The starting point for any principle of temporary disconformity is that it cannot be viewed in isolation from the remedy sought and the provisions of the contract. Pressure comes from the requirement, in certain circumstances, of a remedy prior to completion. As the BLR Editors, put it21 in their commentary on the Guinness case, the owner has need of some immediate rights it is unlikely to be the common law, or business sense that in such cases the employer has to await practical completion before the usual remedies for breach of contract are available to him. The owner will, under any normal contractual arrangement, have two main remedies i) to terminate the contract for contractor breach and ii) to recover rectication costs for breach by the contractor of an express obligation to rectify the work during the construction period. The question then arises as to what defects will i) give rise to the right to termination of the contract during the construction period or ii) entitle the employer to instruct the contractor to rectify a defect and recover rectication costs if this is not done. While i) and ii) are different in one key respect, namely, that usually only a very serious breach would give rise to an entitlement to terminate, the criterion for the availability of remedies is remediability.

Scenario A. The painter interrupted. If the painter is interrupted after ten days of a six week contract, with only two coats of paint applied, there is no breach of contract at all. The work is incomplete and this state of affairs is remediable in that it can and ordinarily will still be completed in time. It may be observed that it is most unlikely on these facts that the painting contractor is in breach of the carrying out limb of the dual obligation either. But if the facts of Scenario A are changed, so that after ve weeks and ve days of a six week contract only two coats have been applied, the contractor is already in breach at that point. Since the specication calls for 24 hours of drying and preparation time between coats, the position is irremediable. Scenario B. The unskilled workforce. If the contractor can and normally would make good the defective workmanship of his employees during the remaining four months of the six month contract, the inconsistent application of the sealant and the uneven tiling should be regarded as temporary disconformities. Although incomplete work and defective workmanship as represented by Scenarios A and B are qualitatively different22, given remediability in each case the outcome is the same: no breach. When a time is reached at which the defects cannot be remedied before completion, a breach of contract occurs at that point, even though completion has not yet been reached. Again, the disconformity is not temporary because of its irremediability. Scenario C. The design ignored. The contractor in Scenario C has constructed defective foundations by ignoring the design. The temporary disconformity principle does not apply to this situation. The defect is not of a kind which is normally remedied as a matter of course during the project. Even if it were technically possible to demolish the half-built structure and start again with a chance of nishing within the time for completion, this is not the subject of routine remediation. The contractor has taken a wholly wrong track and is in breach at that point, almost certainly entitling the employer to terminate immediately. This view derives from the criterion of remediability, but is also supported by the authority of the Surrey Heath case.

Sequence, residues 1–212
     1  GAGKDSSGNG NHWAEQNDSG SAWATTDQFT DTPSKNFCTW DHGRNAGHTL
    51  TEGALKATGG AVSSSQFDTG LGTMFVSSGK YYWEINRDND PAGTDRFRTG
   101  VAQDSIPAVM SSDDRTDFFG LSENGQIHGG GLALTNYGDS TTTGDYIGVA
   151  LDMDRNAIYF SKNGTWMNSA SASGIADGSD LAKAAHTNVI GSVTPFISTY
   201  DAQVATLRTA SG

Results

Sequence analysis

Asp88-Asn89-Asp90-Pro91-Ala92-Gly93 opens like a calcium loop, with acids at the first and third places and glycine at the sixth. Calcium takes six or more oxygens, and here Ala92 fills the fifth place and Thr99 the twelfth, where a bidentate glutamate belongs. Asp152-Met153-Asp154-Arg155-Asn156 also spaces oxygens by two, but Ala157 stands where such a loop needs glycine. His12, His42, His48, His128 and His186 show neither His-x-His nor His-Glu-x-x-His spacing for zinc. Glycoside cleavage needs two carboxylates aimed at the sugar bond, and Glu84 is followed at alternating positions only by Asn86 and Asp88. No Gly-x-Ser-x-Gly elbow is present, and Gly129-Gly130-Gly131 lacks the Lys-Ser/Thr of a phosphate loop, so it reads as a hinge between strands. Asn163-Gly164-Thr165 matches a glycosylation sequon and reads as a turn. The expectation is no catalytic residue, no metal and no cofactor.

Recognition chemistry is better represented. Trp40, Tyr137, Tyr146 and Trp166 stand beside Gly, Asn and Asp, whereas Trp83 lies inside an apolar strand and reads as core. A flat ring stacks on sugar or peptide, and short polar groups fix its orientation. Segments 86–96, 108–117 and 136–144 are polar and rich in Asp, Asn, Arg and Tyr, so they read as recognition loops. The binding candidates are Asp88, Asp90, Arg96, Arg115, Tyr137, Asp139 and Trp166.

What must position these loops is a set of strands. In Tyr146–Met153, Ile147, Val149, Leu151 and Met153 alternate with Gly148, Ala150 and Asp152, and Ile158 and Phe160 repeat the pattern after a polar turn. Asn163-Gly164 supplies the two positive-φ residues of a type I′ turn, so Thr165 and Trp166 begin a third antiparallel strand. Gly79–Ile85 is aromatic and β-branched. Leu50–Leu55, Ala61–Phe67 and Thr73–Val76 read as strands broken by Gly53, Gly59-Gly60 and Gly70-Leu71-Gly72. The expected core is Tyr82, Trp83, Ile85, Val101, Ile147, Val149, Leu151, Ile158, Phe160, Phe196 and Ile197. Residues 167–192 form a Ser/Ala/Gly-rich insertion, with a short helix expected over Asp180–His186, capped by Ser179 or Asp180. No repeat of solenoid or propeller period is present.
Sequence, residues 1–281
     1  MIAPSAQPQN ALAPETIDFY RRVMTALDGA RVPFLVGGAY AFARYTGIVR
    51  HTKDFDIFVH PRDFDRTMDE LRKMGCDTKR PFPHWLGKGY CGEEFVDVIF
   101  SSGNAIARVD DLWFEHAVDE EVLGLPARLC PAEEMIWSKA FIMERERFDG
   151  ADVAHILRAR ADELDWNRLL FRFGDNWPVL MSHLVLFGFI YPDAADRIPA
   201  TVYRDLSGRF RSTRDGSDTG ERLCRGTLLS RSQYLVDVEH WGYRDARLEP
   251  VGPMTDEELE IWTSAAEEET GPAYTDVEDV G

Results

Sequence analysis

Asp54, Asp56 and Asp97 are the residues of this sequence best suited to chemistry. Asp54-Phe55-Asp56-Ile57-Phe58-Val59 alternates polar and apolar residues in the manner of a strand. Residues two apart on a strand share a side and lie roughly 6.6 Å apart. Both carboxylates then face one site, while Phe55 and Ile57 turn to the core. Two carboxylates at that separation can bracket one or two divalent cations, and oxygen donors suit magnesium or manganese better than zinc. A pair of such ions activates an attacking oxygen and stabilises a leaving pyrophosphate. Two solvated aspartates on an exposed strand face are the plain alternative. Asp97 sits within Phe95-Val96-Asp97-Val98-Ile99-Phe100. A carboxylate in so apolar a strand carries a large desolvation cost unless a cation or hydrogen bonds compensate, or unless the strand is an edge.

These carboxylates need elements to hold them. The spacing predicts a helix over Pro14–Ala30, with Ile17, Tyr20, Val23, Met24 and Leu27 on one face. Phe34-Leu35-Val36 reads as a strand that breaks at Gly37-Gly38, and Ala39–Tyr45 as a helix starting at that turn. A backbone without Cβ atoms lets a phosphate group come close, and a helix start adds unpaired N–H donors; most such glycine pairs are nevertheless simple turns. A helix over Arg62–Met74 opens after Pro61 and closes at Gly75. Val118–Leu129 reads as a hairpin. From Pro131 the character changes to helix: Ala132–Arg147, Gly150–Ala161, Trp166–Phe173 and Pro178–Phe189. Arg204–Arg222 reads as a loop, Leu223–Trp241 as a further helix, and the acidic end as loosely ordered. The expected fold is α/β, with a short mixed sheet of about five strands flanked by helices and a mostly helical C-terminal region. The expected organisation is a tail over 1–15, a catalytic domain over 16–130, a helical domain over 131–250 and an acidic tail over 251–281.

Temporary disconformity does have a role to play in English law, although it cannot be as wide a principle as was unsuccessfully contended for by counsel in Lintest and in Guinness. The authorities, including Lord Diplocks speech, can be reconciled so as to make sense. The importance of the remediability concept can be seen from the overseas authorities. The application of the concept to the Scenarios illustrates that it is practical and realistic. Appropriate contract drafting will always be crucial in protection of the parties rights and remedies. However, it is not the owners sole protection. In certain circumstances, the owner can have a remedy without waiting for completion. But the contractor will also be protected in its right to correct routine defects or incompleteness without liability to pre-completion remedies. The temporary disconformity principle as it appears to the authors is capable of affording these protections to the respective parties. It will be for a future English appellate court to decide whether it should do so.

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We refer throughout to contractors and owners for the sake of simplicity, although the same situation arises as between contractor and sub-contractor. The authors are grateful to all contributors and to Chairman Dr. Robert Gaitskell QC for a most stimulating and useful question session. [1972] 1 WLR 146. At p. 165. [1980] 13 BLR 38. Hudsons Building and Engineering Contracts (11th ed) by Ian Duncan Wallace QC, Sweet and Maxwell, London, 1995. At p.44. At p.700. [1980] 16 BLR 22. [1995] 76 BLR at p.46. [1990] 6 Con LJ 319. At p.44. [1995] 76 BLR 49. [2000] Times Law Reports 26 July. The authors are grateful for having this case drawn to their attention subsequent to their presentation. [1971] 18 BLR 157. [1988] 42 BLR 25. [2002] NZCA 59. Blanchard J delivered the sole judgement. Upheld on appeal by the Hong Kong Court of Appeal (CA No 29 of 1992) Unreported. [1990] Unreported, noted in Hong Kong Construction Law by JA McInnis, 1996, Butterworths, Hong Kong. p. 203. [1995] 76 BLR at p. 46. In the question and answer session, at the oral presentation of this paper, it was suggested that they are the same in any event. We see a signicant difference. An architect or engineer can instruct the correction of defective work, but cannot, (unless he has a power to order acceleration), compel the contractor to get on with incomplete work, while there is still time to complete it.